Get Hold of This Space: A Geography of Conceptual Art in Canada
February 7–September 5, 2014
Coordinating Curator, Barbara Fischer
Associate Curator, Catherine Bédard
Canadian Cultural Centre
The Canadian Cultural Centre presents, in two successive parts, a major exhibition on the conceptual art that developed in Canada, from the East Coast to West Coast but also in the Arctic Circle, between 1960 and 1980. Comprising works and archival documents from major museums, artists’ personal archives and private collections, this exhibition is a fresh new look at the diversity of contemporary art in Canada as well as at the various centres and out-of-the-way places where it was made.
For the first time in France, Get Hold of This Space: A Geography of Conceptual Art in Canada presents a selective focus on artists’ contribution in Canada, whose vast territories, cultural diversity, and artistic networks led to multiple experiments forming a complex identity and an exceptional ensemble whose artistic impact may now be measured nationally and internationally. There will be a particular focus on the crucial importance of the Nova Scotia College of Art and Design in Halifax, which became a hotbed of conceptual art internationally, involving artists such as Daniel Buren, David Askevold, Lawrence Weiner, Jan Dibbets and John Baldessari.
Canadian conceptual art tackled many issues linked to geography, politics, the body, language, institutions and the definition of art itself. These questions were the object of a large-scale exhibition, Traffic: Conceptual Art in Canada 1965–1980, which traveled across Canada between 2010 and 2012; an adaptation of this exhibition was recently presented at the Badischer Kunstverein of Karlsruhe, Germany. Reconfiguring the German version of the exhibition, the Canadian Cultural Centre has focussed on two aspects that will constitute the two parts of the exhibition.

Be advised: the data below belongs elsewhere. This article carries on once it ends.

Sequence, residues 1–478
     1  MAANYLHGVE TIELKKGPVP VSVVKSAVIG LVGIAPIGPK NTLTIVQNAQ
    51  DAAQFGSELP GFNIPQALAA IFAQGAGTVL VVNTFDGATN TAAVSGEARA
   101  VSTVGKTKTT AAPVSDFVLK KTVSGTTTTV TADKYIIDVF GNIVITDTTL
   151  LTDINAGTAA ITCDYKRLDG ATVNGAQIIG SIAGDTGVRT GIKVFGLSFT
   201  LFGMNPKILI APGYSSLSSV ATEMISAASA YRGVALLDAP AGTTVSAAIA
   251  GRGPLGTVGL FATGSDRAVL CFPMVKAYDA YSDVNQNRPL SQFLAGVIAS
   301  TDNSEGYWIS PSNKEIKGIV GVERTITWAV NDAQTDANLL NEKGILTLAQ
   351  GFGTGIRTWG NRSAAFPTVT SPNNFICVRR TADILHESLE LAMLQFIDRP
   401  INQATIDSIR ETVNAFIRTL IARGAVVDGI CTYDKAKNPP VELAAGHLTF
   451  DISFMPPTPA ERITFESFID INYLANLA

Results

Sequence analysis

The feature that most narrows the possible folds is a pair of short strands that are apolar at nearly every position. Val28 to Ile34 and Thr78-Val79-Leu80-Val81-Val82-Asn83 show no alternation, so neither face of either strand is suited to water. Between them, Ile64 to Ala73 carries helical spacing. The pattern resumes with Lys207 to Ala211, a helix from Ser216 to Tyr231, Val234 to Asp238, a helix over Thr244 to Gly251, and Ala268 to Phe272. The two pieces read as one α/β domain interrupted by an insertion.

The first part focuses on the criticism of institutions and the development of networks, particular via magazines and exhibition centres managed by the artists themselves. It shows various types of artistic practice that abandons the traditional forms of art, confronting both artist and viewer with reflection, performance, commitment, utopia and irony, not to mention ennui and humour. In this first part of the exhibition, the spotlight will be on the highly impactful undertakings by the collectives General Idea, N.E. Thing Co. and Image Bank. There will also be consideration of the infiltration of art into the world of business and public spaces as evidenced by Vincent Trasov as Mr. Peanut running for mayor of Vancouver in 1974 or the restaurant-gallery Eye Scream opened in Vancouver in 1977 by N.E. Thing Co. whose menu included Cubist Salad and Group of Seven Snails.
The second part of the exhibition, presented from May 17 onward, will explore the political, cultural and social dimensions of the geographical distance specific to Canada. We will see how artists were led to explore new forms of communication and transmission in order to expand beyond provincial and international borders, prefiguring the connectivity and current proliferation of globalized networks.
The exhibition was conceived by Barbara Fischer (Director, Justina Barnicke Gallery/University of Toronto), Grant Arnold (Curator, Vancouver Art Gallery, Vancouver), Vincent Bonin (Independent curator, Montreal), Catherine Crowston (Director, Art Gallery of Alberta, Edmonton), Michèle Thériault (Director, Leonard & Bina Ellen Art Gallery, Montreal) and Jayne Wark (Professor, Nova Scotia College of Art and Design University, Halifax).
We gratefully acknowledge the operating support from the Canada Council for the Arts and the Ontario Arts Council, with additional project support from the Badischer Kunstverein (Karlsruhe).